19.6.3【英语美文】心理暗示与”心想事成”,一个厨师的梦预言 The Dreamer By W. W. Jacobs

time:2019-06-03 Source:

63日有趣的免费英语课《英语PK台》京晶主持

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周一嘉宾 Judy #看书有道,美文名篇# Reading makes a full man

周一主题:【英语美文】心理暗示与心想事成,一个厨师的梦预言 The Dreamer By W. W. Jacobs


了解今日课堂:

by W. W. Jacobs

1.    “The only other dream I know of that came true, was from the cook of a bark I was aboard of once. He was a silly, pasty-faced sort o' chap, always giving education to sailor men who didn't believe in it. One night, when we were homeward-bound from Sydney to London, he suddenly sat up in 'is bunk and laughed so loud that he woke us all up.”

2.   "Wot's wrong, cookie?" ses one o' the chaps. "I was dreaming," ses the cook, "such a funny dream. I dreamt old Bill Foster broke 'is leg." "Well, wot is there to laugh at in that?" ses old Bill, very sharp. "It was funny in my dream," ses the cook. "You looked so comic with your leg doubled up under you, you can't imagine."

3.   “We went off to sleep again and forgot all about it. Only three days afterwards, poor Bill did fall and break his leg. The cook was not surprised.” "My dreams always come true," he said. "It's a gift, and, being tender-'arted, it worries me terrible sometimes." He was going on like that, taking credit for a pure accident. "I don't talk about it," he ses, "'cos it frightens people."

4.   “After that dream about Bill, the cook had dreams pretty near every night, and talked little bits of 'em in his sleep. When we asked 'im about them the next morning he'd always shake his 'ead and say: "Never mind." Sometimes he'd mention a chap's name in 'is sleep and make 'im nervous for days.”

5.   “The only chap that seemed to show any good feeling for the cook since, was a young feller named Joseph Meek; a steady young chap who was going to be married to old Bill Foster's niece as soon as we got home. Nobody else knew it, but he told the cook all about it one quiet night. He said she was too good for him, but he couldn't get her to see it.”

6.   "My feelings 'ave changed," he ses. "Perhaps they'll change again?" ses the cook, trying to comfort him. Joseph shook his head. "No, I've made up my mind," he ses, very slow. "I'm young, and, besides, I can't afford it; but how to get out of the marriage I don't know. Couldn't you have a dream again for me?"

7.   "What do you mean?" ses the cook. "Do you think I make my dreams up?" "No, no; certainly not," ses Joseph; "but couldn't you do it just for once? Have a dream that me and Emily are killed a few days after the wedding. Just dream we are killed. She might believe it.” It took 'im three days and a silver watch-chain to persuade the cook, but he did at last.

8.   One night, old Bill was watching him from his bunk bed when the cook began to talk in 'is sleep, and the very first words made Bill sit up. "There they go," ses the cook, "Emily Foster and Joseph Meek--and there's old Bill, good old Bill, going to give the bride away. How 'appy they all look, especially Joseph!" Old Bill put his 'and to his ear and leaned out of his bunk. "There they go," ses the cook again; "but what is that 'orrible black thing with claws hanging over Joseph?” Poor Bill nearly fell out of 'is bunk, and lay there as pale as death, listening. "Oh no... it's Joseph and Emily, stark and stiff, and they've only been married a week. 'Ow awful they look! Oh! oh! o-oh!"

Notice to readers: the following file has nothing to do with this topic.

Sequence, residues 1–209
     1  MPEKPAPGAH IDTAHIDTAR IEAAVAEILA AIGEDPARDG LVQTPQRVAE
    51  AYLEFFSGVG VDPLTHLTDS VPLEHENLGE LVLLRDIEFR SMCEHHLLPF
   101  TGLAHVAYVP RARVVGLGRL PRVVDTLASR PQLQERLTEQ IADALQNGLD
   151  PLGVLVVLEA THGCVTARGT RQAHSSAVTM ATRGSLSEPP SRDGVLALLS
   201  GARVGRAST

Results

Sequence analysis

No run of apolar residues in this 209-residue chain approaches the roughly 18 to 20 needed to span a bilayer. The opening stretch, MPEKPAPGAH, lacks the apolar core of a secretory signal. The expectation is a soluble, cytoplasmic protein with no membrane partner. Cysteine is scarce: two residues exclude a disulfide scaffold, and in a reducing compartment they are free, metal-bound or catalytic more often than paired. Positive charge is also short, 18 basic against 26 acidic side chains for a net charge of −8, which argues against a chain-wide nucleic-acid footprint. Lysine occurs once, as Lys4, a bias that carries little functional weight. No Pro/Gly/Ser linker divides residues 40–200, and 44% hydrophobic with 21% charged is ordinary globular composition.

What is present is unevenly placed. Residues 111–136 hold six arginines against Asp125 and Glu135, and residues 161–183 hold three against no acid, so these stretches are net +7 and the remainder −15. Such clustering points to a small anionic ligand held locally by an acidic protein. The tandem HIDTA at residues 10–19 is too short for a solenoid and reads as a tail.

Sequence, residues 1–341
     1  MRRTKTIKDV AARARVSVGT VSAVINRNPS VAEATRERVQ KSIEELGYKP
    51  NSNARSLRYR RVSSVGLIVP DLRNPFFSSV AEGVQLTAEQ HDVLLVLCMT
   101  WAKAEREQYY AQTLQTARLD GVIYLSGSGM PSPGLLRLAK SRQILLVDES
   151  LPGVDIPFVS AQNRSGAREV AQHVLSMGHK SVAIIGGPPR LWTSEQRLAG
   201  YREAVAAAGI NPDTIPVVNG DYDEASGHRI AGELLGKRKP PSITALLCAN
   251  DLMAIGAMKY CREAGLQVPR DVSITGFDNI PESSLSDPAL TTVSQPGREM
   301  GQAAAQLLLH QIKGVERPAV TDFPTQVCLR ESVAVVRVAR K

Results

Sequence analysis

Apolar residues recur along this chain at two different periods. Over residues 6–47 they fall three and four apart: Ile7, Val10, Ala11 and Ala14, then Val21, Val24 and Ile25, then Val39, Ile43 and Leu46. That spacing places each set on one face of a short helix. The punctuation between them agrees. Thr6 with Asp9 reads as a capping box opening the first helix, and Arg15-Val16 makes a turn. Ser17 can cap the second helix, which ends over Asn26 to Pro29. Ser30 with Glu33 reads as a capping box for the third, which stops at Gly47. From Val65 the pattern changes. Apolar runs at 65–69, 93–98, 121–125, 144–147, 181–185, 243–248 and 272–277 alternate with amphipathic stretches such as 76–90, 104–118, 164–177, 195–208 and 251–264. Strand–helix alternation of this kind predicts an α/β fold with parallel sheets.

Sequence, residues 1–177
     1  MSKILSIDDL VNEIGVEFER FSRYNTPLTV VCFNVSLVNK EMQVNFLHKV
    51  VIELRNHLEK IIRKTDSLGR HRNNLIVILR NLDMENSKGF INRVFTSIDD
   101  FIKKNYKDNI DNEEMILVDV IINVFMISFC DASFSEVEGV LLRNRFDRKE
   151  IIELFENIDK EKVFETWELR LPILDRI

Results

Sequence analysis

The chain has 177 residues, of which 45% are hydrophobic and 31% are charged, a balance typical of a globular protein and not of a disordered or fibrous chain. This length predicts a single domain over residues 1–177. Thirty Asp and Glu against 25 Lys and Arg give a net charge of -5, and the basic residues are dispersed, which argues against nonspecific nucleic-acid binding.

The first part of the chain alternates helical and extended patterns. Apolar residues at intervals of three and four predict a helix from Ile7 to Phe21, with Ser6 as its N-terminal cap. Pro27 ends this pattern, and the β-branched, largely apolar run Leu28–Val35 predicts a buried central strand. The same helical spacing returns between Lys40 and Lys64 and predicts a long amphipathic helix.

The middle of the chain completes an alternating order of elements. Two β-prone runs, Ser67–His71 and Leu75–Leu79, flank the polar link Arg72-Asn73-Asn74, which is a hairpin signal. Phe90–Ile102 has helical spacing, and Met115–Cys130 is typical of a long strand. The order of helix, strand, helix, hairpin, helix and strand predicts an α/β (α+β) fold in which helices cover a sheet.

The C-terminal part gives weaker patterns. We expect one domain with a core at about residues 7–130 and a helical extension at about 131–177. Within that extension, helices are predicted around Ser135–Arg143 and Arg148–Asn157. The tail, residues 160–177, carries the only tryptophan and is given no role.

9.   He woke up and saw old Bill staring at 'im. "You've been dreaming, cook," ses Bill, in a trembling voice. "'Have I?" ses the cook. "About Joseph and my niece," ses Bill." "Promise me you won't tell Joseph, Bill. It would only make 'im miserable, and it wouldn't do any good." "I don't know so much about that," ses Bill, "if they didn't marry, it couldn't 'appen, could it?" "Don't talk foolish," ses the cook; "they must marry. I saw it in my dream." "Well, we'll see," ses Bill. "I'm going to have a quiet talk with Joseph about it, and see what he ses. I ain't a-going to 'ave my poor gal murdered!"

10. “He 'ad a quiet talk with Joseph. Joseph wouldn't hear of it at first, but at last he said that they would tell Emily and let her decide. Joseph doubted if he had done the right thing, especially two weeks later, when they arrived in London and he saw Emily waiting for him at the docks. She was beautiful, and perfect in her demeanour… they’d make a splendid couple. Why on earth had he opened up to the cook about his doubts in marrying her!?”

11. “After Bill and Joseph told Emily, back in their apartment in London, she got up with a shiver.” "It's all nonsense!" ses Joseph suddenly, starting up. "True love would run the risk. I ain't afraid!" "It's too much to ask a gal," ses Bill, shaking his 'ead. "I couldn't dream of it," ses Emily. "What's the use of being married for a week? Look at uncle's leg--that's enough for me!" They all talked at once then, and Joseph tried all he could to persuade Emily, but it was no good. Emily said eventually she wouldn't marry him in a million years. To that, Joseph made a choking noise in his throat and then got up, went to the door, turned around and stared at them one last time. "Good-night all," he ses, and leaves…”


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